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Published on 31/01/2020by redazione

Social enterprises and their ecosystems in Europe: the Comparative Synthesis Report now online

The Comparative Sinthesis Report of EU Mapping Study is now available.

Drawing on the findings from the 35 national reports, this comparative synthesis report provides an overview of the social enterprise landscape in Europe based on information available as of January 2020. This comparative analysis goes beyond the observation of social enterprise in each country to identify traditions, trends and challenges across Europe.

Here the full report

Information on EU Mapping Study

Country reports

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Published on 27/06/2019by redazione

Euricse at 7th EMES International Research Conference

EURICSE researchers Giulia Galera and Stefania Chiomento, together with EURICSE president Carlo Borzaga, are participating in the 7th EMES International Research Conference on Social Enterprise held from 24th June to 27th June in Sheffield (UK).

They contributed to one semi-plenary session chaired by professor Jacques Defourny entitled “Mapping of social enterprise and its ecosystem in Europe”, where they summarized the main findings of the European study funded by the DG Employment “Social enterprises and their eco-systems in Europe”. Professor Nadja Johanishova, professor Bernard Enjolras and Risto Raivio, Senior Expert at the DG EMPL, European Commission, also contributed to the discussion by providing their own insights based on the critical transversal analysis of the Mapping Study Country Reports.

Giulia Galera speaking during the session on mapping

Add to this, Giulia Galera and Paolo Boccagni (University of Trento) organized a special session aimed at discussing the findings of recent research on innovative welcome and integration pathways – addressed to asylum seekers, protection holders, refugees and migrants – that have been designed by grass-root social enterprises in four selected EU countries: Italy, France, Germany and Spain.

As highlighted during the conference, these countries show significant variations when it comes to the role played by social enterprises in the asylum and migration domains. Key variations concern the organization of welfare service delivery; the national model of reception designed by national governments to welcome asylum seekers and the degree of centralization; what selection mechanisms are used to recruit private providers; whether there are any national schemes supporting employment and labour market access of asylum seekers.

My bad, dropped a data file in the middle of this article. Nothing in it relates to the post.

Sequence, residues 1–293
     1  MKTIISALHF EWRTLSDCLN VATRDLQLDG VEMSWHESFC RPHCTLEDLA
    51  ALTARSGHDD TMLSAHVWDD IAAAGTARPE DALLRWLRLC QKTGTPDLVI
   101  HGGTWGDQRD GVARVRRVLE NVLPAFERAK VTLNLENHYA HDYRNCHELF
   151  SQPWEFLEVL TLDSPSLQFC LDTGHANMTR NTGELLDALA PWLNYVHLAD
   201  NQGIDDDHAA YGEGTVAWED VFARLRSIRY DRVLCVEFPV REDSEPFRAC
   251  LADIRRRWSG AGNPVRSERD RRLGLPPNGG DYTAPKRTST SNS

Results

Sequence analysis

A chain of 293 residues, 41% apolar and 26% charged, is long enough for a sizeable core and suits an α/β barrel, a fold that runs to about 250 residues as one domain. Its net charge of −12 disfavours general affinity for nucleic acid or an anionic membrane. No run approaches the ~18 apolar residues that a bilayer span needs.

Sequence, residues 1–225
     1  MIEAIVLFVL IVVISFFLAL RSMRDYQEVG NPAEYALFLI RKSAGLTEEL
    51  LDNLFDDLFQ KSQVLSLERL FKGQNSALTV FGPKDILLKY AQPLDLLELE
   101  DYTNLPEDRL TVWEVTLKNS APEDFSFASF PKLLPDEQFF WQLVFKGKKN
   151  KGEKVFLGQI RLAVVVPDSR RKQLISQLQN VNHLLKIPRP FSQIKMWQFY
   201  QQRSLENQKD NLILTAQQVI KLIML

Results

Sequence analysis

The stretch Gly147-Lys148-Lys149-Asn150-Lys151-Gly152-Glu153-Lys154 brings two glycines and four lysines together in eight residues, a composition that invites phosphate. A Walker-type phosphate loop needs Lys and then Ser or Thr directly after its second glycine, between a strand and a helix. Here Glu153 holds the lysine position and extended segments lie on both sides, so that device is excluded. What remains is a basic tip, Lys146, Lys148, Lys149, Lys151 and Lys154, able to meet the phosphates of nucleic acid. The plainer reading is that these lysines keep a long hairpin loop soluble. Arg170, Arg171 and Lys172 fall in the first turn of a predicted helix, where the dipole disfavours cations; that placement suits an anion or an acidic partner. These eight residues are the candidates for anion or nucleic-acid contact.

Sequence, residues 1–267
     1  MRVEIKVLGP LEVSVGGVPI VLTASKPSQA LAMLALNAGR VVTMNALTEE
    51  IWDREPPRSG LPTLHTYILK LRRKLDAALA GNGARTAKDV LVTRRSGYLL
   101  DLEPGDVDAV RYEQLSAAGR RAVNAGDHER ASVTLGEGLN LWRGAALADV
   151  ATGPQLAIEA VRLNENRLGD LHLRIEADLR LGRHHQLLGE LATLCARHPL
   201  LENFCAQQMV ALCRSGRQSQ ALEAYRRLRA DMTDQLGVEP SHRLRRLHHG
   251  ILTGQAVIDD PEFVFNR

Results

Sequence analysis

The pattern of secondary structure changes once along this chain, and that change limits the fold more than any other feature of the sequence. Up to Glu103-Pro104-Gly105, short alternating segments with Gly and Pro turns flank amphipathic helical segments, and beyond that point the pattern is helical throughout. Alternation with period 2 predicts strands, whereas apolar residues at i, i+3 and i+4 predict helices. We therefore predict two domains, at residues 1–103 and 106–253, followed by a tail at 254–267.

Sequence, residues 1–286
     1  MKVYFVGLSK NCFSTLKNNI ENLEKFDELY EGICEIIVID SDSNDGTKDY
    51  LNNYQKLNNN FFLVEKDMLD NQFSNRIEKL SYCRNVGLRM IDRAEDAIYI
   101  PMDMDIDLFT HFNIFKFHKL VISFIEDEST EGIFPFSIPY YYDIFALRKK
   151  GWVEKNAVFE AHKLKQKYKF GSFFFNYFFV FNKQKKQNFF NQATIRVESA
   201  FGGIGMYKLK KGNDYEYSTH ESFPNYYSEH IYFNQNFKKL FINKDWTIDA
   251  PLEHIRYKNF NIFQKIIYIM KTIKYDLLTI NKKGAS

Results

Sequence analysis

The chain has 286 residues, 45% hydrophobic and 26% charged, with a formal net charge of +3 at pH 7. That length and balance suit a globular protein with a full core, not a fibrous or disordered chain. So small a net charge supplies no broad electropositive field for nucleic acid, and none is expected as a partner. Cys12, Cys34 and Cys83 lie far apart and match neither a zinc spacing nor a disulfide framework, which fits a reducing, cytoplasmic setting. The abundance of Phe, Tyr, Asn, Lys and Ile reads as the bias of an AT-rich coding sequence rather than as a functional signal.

Giulia Galera during the special session on migrants

“Despite country variations, there are some common challenges that are faced by social enterprises. These are mainly connected to the increase in number of volunteers that are willing to help recipients, to the recruitment and training of new staff, and to the types of interactions established by social enterprises with public authorities”.

Giulia Galera, senior researcher at Euricse

Discussion focused particularly on the role, potential and limitations faced by social enterprises on the one hand and on the policy strategies that could be put in place to fully harness the contribution of social enterprises in facing social transformations connected to the inclusion of newcomers in receiving communities, on the other hand.

Here the list of papers discussed during the session:

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Published on 21/05/2019by redazione

The future of social enterprises in Europe: Euricse and Emes present the Mapping Study in Brussels

Researchers from all over Europe met in Brussels on May 16th and 17th to discuss the present and future of social enterprises. Over the last two decades, organizations defined as social enterprises have become increasingly important, but their real size and role are still misunderstood in most EU countries. For this reason, the European Commission commissioned the European Research Institute on Cooperative and Social Enterprises (Euricse) and the EMES International Research Network (EMES) to conduct the in-depth study “Social enterprises and their eco-systems in Europe”. 

The report is a follow-up of the 2014 Mapping Study of 28 countries and its 2016 update to seven of them, which contributed to providing a first comparable picture of social enterprise dynamics across 28 EU countries and Switzerland. The refining of the methodology, as tested in 2016, improved the accuracy of the application of the Operational Definition to better capture recent developments in the field. An innovative “stakeholders engagement strategy” was utilized during the revision of the country reports to ensure that key input from national stakeholders was incorporated. Four categories of stakeholders were identified: academic, policymaker, practitioner and supporter.